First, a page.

Connie: And I think that, for me, hope has always felt like such a big word and concept that I didn’t know how to make sense of it. And I think I sometimes have trouble defining hope and seeking clarity with hope. And I don’t know, sometimes I think there is a funny relationship I have with language where it feels like it’s not adequate enough. But I know that I’ve definitely felt hopeful. And I know that the most recent time that I felt hopeful is when I saw my friends and families get the COVID vaccine because they’re working in the frontlines. And I remember when they were telling me the story, I was like, wow, like I’m getting this really visceral and bodily reaction to feeling hopeful. But outside of that, I don’t know if i’ve ever uplifted hope as a core value or necessarily a guiding light of mine. But I will say that what has gotten me closer and more intimate with hope but where it doesn’t feel as empty is what Dena, you’re speaking to. And I think this tradition of radical hope, which isn’t really you know, about pure optimism or even positivity. I think for me, it’s really about communal resilience, of having endured and suffered, but also knowing that on the other side, that we make it, that we not only survive, but that we thrive. And, you know, I think about just the context that we’re all in and how especially significant that is for Black, Indigenous, People of color, or even for my own family’s experience as refugees from Laos, having lived under military invasion and occupation and violence for generations, only to be uprooted. But not knowing what comes next, yet still moving because possibilities do exist beyond despair, pain, and anguish. And I think part of it is, part of the hope that I want to do is the way that I’ve reconfigured grief as a gift in that, you know, having radical hope is a kind of world building and future that I also want to pass down to, I don’t know, my future descendants, even if I don’t live to see it. I think that’s what hope is for me. But it’s always so big and lofty that I haven’t been able to really get it, get a full grasp on it.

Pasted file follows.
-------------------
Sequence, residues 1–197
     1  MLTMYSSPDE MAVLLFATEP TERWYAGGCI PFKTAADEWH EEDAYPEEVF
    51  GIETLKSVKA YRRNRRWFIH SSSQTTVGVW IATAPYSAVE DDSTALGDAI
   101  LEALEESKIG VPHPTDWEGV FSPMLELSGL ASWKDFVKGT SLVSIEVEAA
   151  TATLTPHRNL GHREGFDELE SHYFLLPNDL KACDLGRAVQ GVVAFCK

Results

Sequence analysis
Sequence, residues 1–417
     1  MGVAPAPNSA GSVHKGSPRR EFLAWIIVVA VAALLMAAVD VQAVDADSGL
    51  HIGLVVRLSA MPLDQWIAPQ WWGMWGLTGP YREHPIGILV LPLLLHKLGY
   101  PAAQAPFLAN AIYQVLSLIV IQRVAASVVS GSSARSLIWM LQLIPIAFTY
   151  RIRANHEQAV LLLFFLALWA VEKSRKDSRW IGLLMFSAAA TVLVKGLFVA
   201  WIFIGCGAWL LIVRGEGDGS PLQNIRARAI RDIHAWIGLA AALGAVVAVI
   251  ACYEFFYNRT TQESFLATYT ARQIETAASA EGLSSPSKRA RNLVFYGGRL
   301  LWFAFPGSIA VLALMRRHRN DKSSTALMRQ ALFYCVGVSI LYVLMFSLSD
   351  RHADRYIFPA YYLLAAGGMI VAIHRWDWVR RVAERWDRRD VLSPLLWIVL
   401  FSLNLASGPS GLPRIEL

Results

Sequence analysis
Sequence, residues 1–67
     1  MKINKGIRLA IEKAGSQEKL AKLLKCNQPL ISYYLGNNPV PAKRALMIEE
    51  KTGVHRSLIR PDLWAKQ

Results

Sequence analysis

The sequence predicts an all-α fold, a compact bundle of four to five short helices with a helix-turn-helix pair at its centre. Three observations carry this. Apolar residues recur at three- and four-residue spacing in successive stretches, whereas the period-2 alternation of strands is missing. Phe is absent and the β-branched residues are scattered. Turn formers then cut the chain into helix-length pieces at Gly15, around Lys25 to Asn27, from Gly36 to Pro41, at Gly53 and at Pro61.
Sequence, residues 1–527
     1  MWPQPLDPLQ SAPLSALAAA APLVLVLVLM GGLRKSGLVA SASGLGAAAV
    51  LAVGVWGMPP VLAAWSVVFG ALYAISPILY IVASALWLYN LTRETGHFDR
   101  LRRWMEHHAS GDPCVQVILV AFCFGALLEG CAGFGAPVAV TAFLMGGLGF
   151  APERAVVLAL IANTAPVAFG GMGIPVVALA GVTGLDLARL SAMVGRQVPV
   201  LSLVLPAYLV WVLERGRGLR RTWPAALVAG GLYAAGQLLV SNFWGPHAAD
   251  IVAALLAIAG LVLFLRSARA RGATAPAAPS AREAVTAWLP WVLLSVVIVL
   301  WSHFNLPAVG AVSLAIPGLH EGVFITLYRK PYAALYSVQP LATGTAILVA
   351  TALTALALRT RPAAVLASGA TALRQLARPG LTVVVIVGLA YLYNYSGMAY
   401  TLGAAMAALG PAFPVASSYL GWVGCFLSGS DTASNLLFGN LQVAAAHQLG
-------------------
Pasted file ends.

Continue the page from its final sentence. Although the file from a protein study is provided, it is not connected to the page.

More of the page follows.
Nicole: I love that, Connie, and you touched upon so much in there, of just even talking about it. It’s not necessarily even that you’re just this sense of positivity all the time. It’s impossible to be positive all the time. And even the difference between being hopeful and being optimistic, and then wrapping in radical hope, which is the collective in there. I think that that’s, that’s amazing, and just radical hope going along with radical healing. So Connie, I don’t know if you mind, but maybe exploring a little bit more about that radical hope. What what makes it radical?